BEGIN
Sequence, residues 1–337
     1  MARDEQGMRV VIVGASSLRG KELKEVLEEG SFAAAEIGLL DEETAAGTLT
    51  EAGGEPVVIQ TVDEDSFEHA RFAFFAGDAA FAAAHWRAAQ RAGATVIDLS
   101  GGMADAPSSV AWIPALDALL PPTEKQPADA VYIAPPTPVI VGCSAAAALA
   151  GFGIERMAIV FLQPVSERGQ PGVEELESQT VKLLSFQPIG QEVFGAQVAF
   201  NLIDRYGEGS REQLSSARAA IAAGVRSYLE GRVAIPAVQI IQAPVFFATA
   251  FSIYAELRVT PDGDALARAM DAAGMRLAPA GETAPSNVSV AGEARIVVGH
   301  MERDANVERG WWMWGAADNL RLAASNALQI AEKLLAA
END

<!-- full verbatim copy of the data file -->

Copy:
Sequence, residues 1–337
     1  MARDEQGMRV VIVGASSLRG KELKEVLEEG SFAAAEIGLL DEETAAGTLT
    51  EAGGEPVVIQ TVDEDSFEHA RFAFFAGDAA FAAAHWRAAQ RAGATVIDLS
   101  GGMADAPSSV AWIPALDALL PPTEKQPADA VYIAPPTPVI VGCSAAAALA
   151  GFGIERMAIV FLQPVSERGQ PGVEELESQT VKLLSFQPIG QEVFGAQVAF
   201  NLIDRYGEGS REQLSSARAA IAAGVRSYLE GRVAIPAVQI IQAPVFFATA
   251  FSIYAELRVT PDGDALARAM DAAGMRLAPA GETAPSNVSV AGEARIVVGH
   301  MERDANVERG WWMWGAADNL RLAASNALQI AEKLLAA